I grew up in a small town, a really small town.
Mercer, Missouri never had more than 400 residents. A small bandstand still stands in the town square. Back when Mercer was more prosperous, the square included a drug store, two grocery stores, a lumber yard, the bank, the post office, and Sammy’s barber shop.
Every other Saturday, Mom sent me to Sammy’s for a haircut. Sammy worked alone, but he had five or six chairs in the waiting area, so it made the perfect place for the guys to sit around and to swap stories.
You could hear who got a new bird dog, which farmer stayed up half the night pulling a calf, or how the new Methodist preacher’s sermon ran a little long last Sunday.
You could also hear some tall tales. The unwritten motto at Sammy’s was, “Never let the facts get in the way of a good story.”
It’s a funny line, but it’s a bad idea.
In our truth-challenged world, business leaders and communicators must deal in facts. Smart business decisions depend on a rock-solid base of data, facts and insights.
Facts form the foundation, but you have to tell a story to convince people to believe, change behavior, or buy.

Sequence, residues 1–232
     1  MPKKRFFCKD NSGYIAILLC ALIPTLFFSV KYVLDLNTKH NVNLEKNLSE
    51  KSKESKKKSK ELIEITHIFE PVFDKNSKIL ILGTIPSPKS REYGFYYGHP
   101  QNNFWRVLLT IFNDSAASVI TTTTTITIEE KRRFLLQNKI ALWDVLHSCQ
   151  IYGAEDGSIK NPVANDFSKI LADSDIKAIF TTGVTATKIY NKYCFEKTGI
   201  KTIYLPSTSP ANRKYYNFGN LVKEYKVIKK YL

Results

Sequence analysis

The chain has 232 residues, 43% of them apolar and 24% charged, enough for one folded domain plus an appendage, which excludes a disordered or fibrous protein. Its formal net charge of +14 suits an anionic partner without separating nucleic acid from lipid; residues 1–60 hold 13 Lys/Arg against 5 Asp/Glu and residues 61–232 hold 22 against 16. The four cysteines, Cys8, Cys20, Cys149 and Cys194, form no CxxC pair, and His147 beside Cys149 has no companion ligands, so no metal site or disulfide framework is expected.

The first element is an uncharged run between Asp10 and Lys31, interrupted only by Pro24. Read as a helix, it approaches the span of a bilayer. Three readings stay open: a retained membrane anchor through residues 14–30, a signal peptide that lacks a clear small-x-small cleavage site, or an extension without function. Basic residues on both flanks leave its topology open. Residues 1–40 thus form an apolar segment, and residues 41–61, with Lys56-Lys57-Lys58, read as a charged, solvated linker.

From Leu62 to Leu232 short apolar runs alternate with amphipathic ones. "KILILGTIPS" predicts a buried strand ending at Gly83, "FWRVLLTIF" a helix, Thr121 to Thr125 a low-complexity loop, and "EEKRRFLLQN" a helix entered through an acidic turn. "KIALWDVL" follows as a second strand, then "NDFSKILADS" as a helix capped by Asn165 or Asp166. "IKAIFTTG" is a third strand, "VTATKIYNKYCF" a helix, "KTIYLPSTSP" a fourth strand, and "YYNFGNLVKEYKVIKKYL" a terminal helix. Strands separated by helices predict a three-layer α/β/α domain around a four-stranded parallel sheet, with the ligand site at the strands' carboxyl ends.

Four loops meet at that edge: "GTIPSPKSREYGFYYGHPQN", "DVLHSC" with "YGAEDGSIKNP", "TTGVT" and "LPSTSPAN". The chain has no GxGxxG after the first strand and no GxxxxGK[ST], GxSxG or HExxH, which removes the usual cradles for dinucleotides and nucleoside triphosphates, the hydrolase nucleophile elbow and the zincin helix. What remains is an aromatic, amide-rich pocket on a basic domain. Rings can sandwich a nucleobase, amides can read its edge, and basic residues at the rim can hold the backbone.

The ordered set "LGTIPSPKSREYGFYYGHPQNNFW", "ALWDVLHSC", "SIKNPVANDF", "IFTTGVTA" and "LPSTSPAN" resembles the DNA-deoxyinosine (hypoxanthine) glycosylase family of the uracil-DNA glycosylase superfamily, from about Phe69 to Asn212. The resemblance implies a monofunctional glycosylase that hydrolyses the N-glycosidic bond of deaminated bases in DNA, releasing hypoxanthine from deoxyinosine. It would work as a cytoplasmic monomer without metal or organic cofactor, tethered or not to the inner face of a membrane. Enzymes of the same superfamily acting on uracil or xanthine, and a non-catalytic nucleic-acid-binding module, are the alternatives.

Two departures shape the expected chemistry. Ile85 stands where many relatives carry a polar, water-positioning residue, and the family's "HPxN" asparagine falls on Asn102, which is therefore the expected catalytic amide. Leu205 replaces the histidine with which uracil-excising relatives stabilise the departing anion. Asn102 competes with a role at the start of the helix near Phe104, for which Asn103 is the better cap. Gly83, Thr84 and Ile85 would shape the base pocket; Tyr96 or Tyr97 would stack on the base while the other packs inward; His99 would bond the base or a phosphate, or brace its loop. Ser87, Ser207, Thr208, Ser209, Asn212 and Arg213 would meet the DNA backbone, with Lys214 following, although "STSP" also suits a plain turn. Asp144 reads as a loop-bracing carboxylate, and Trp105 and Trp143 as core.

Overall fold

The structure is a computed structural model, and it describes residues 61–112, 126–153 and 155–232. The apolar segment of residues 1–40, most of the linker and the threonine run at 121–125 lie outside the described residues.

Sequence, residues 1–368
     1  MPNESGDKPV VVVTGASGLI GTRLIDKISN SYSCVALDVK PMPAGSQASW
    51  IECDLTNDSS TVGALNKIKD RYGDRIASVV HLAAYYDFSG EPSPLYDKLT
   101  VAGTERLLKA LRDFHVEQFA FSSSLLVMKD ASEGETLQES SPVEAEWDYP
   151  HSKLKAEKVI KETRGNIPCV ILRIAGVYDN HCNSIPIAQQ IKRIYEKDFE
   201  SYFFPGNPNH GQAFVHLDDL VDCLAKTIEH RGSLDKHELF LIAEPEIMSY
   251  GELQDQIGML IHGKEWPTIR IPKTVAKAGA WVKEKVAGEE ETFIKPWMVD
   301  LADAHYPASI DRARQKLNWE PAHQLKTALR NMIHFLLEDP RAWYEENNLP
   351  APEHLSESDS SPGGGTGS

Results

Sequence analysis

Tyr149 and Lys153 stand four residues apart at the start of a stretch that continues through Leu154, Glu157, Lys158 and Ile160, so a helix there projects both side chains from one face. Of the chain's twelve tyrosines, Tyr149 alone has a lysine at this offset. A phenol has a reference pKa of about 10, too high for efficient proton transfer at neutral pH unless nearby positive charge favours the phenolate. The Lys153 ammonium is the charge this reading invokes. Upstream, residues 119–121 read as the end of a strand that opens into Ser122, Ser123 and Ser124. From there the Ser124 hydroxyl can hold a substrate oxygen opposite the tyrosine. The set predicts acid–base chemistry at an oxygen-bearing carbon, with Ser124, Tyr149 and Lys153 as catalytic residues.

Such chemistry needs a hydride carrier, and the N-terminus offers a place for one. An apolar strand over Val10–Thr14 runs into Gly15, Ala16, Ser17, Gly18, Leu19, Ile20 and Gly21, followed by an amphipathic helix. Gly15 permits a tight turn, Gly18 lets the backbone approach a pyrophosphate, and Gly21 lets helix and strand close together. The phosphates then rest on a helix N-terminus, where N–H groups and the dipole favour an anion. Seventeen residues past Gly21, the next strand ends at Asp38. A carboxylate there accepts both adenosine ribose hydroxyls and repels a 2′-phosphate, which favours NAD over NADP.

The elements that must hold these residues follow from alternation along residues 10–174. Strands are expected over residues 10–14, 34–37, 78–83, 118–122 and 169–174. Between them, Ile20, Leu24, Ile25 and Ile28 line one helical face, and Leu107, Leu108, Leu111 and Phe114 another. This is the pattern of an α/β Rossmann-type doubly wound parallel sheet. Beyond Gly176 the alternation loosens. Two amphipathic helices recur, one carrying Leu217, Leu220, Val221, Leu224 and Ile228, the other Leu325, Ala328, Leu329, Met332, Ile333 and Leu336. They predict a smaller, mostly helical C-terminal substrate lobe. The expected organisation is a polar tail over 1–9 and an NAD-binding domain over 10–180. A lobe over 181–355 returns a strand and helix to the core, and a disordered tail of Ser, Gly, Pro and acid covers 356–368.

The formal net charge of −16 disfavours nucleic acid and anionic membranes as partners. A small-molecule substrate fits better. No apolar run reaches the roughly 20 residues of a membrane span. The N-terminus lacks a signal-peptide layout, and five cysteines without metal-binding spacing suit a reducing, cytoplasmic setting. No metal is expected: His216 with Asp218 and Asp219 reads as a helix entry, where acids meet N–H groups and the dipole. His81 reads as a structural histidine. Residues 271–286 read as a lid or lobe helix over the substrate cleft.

One of America’s greatest storytellers, historian David McCullough says, “Facts are never enough. Facts rarely if ever have any soul.”
McCullough adds, “One can have all the facts and miss the truth. It can be like the old piano teacher’s lament to her student, ‘I hear all the notes but I hear no music.’”
Finding Your Music
CEO’s and other leaders who are driving growth and change must make music, not just play the notes. So how do you find stories to use as a leader?
The best stories come from your personal experience and from your business. You just have to look for them.
One way to find your stories is to listen to your employees. For example, I’ve organized dozens of leadership roundtables where leaders listen to front-line staff. One GE leader was particularly good at asking questions to get details of a story. We kept notes, made follow-up calls to check facts, then included the story in the next all-employee message.
At Lockton, one of my typical questions to sales executives and client service leaders was, “How’s business?” Peeling back the onion of that one question led to dozens of client success stories and other examples we used to fuel and support Lockton’s vibrant culture.
Stories matter. Facts matter. The best stories—built on facts—persuade and move people to action. Finding and sharing those stories for your organization is essential to driving growth and change.
Anthony Hopkins portrayed John Quincy Adams in the Stephen Spielberg movie Amistad. His best line was, “Whoever tells the best story wins.” That’s a fact you can use to build your business.
See more on storytelling in this video.